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The Secret of Bart Simpson's Success [February 10th, 1991]
That time Michael Jackson had a secret Number One
Number One: “Do The Bartman”, The Simpsons
In 1991, Michael Jackson secretly wrote a novelty song for a cartoon character.
How weird is that? Imagine if there was a big PAW Patrol record and, years later, you discovered it had been written by Beyonce.
In 1991, The Simpsons were something of a cultural phenomenon, despite the fact that few people had ever actually seen the show. The Simpsons was exclusive to premium cable and satellite viewers. Terrestrial TV wouldn’t see the show for several years.
But there was a weird kind of cultural osmosis that happened in those pre-internet days, and somehow people just knew about The Simpsons. Personally, I had an “Eat My Shorts” t-shirt at age 12, long before I finally got my teenage hands on a grainy bootleg of The Simpsons season 1. And I loved “Do The Bartman” because I was in the target demographic, and very dumb. I didn’t buy the single. I did record it off the radio.
“Do The Bartman” is a pretty good for a novelty song. Which is to say that it’s pretty bad, but not there-is-no-God bad. It’s not Jive Bunny. The new jack swing backbeat and harmonies might not be Jackson’s finest work, but it’s still the King of Pop in his imperial phase. Nancy Cartwright’s rapping is… of its time. Look, she was hired to voice acting, give her a break.
Of course, the irony of it all is that The Simpsons were on the bring of becoming a true cultural collosus, while the 90s would end with Jackson in disgrace and heading towards ruin. Jackson guested on an episode in 1992, the magnificent “Stark Raving Dad”. In 2019, the episode was withdrawn from syndication in light of Jackson’s alleged child sex abuse.
Another irony: Jackson was (and perhaps still is) the King of Pop. He sold a billionty records in the 80s. Most of the rest of this week’s chart is full of people who wish they could be Michael Jackson.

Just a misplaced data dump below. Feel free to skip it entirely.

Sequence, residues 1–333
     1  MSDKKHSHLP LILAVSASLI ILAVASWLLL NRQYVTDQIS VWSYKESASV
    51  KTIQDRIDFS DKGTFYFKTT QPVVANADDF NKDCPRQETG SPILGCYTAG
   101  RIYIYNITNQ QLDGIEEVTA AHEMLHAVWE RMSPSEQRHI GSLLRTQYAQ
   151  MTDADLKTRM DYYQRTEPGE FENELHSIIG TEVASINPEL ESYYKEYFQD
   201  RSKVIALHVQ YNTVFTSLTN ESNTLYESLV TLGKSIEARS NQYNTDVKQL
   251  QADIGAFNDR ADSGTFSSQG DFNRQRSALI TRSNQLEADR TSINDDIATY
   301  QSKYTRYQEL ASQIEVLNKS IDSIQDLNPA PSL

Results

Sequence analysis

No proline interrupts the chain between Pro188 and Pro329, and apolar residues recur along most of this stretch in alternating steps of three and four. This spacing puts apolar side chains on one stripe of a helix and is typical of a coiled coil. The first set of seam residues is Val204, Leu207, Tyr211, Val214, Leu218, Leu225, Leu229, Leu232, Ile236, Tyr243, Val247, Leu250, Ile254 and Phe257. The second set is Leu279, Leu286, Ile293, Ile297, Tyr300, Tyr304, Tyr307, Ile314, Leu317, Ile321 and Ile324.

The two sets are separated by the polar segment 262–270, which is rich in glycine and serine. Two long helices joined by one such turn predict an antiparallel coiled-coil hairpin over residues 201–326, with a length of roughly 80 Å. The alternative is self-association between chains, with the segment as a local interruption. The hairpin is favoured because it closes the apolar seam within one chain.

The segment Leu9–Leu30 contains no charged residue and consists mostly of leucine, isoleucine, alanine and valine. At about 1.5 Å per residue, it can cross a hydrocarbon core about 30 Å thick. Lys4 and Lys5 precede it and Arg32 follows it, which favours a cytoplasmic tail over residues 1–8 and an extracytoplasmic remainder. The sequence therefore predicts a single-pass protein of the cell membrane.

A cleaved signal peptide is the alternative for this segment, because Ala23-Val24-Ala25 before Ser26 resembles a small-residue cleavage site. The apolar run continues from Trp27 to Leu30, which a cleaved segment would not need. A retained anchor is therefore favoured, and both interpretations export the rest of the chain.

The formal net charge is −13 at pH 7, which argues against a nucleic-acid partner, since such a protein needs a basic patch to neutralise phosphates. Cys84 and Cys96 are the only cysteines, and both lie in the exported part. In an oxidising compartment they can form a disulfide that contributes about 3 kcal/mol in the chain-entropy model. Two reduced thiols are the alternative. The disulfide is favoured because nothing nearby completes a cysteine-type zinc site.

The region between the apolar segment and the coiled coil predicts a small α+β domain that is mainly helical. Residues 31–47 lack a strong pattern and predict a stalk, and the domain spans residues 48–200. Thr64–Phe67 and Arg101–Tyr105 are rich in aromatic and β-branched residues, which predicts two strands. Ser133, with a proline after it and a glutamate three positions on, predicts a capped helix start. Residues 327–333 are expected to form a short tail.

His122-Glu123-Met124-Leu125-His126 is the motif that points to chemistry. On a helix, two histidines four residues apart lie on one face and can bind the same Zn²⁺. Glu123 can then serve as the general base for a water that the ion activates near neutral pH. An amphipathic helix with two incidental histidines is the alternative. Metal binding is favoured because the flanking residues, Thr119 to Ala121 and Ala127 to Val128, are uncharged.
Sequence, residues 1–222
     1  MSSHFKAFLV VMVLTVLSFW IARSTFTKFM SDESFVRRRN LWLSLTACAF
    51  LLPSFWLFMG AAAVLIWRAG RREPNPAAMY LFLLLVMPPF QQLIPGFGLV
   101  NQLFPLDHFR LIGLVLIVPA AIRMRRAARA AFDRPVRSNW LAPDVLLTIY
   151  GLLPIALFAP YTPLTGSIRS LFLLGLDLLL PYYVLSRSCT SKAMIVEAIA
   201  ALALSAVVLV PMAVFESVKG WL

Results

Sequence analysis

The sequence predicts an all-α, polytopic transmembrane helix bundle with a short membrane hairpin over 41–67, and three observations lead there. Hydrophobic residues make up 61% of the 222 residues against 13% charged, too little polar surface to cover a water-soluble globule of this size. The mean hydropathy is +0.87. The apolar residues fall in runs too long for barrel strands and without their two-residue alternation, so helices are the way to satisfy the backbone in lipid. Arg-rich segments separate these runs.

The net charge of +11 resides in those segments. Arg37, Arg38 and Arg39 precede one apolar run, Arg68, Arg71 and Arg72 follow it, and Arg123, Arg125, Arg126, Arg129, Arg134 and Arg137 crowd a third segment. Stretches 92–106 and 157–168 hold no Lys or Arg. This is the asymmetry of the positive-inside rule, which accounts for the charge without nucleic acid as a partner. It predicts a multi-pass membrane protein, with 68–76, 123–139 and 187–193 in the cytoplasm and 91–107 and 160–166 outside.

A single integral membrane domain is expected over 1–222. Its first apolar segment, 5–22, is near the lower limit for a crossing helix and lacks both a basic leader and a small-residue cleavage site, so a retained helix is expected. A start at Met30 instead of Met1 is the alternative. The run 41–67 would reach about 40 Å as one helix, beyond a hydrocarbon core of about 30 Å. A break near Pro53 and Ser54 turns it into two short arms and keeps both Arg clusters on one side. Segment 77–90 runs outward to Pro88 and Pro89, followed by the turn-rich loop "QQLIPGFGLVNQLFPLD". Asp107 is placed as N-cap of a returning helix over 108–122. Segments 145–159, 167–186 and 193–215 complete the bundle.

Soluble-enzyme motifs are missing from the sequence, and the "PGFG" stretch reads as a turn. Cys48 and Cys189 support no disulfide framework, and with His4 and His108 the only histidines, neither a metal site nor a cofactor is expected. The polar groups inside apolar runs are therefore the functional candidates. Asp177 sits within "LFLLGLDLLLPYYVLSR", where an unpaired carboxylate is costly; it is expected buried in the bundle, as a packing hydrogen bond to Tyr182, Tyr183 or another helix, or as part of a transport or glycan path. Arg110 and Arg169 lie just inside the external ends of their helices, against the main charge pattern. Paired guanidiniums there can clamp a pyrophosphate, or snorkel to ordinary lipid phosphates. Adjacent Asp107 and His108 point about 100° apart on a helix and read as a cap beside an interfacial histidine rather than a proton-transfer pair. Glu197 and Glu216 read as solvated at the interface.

The Simpsons, however, with their low-fi scuzziness, detatched irony, and in-your-face authenticity, predicted the emerging zeitgeist of the 90s. If the timing had been slightly different, “Do The Bartman” could have been a Grunge song .
Elsewhere in the charts
“Do the Bartman” dethroned the mighty The KLF with their trance opus “3AM Eternal”, which drops to Number 2. One of the best books I’ve ever read about pop music is John Higgs’ The KLF: Chaos, Magic and the Band That Burned a Million Quid. It’s a great story.
Nancy Cartwright isn’t even the worst rapper in this week’s Top 20. Vanilla Ice is at Number 13 with “Play That Funky Music”, filled with dope rhymes like, “Now you're amazed by the VIP posse/Steppin' so hard like a German Nazi.” I know it’s cliche to dunk on Vanille Ice, but dear god.
Much better lyrics in “Hippy Chick” by Soho: “I stopped loving you since the miner’s strike.”
Rick Astley’s “Cry For Help” falls to Number 11. We will never again see him in the top 20. I always had a soft spot for Rick, who seems very graceful, even when he’s the punchline to a dumb internet joke. I hope he’s well.
One of many versions of “You Got The Love” by The Source appears this week at Number 12. It first appeared in 1986, but the 1997 version is the one you probably remember. This story about Candi Staton’s vocal is wild: “The original Candi Staton track had been recorded for a direct-to-video 1980s documentary about an obese man who was trying to lose weight. Staton said she couldn't remember having recorded a song called ‘You Got the Love’. It was only later that she realised she had performed the song years earlier for the documentary.”
We’ll look at “All Right Now” by Free and wonder how Levi’s became a major music industry promoter. Subscribe to find out.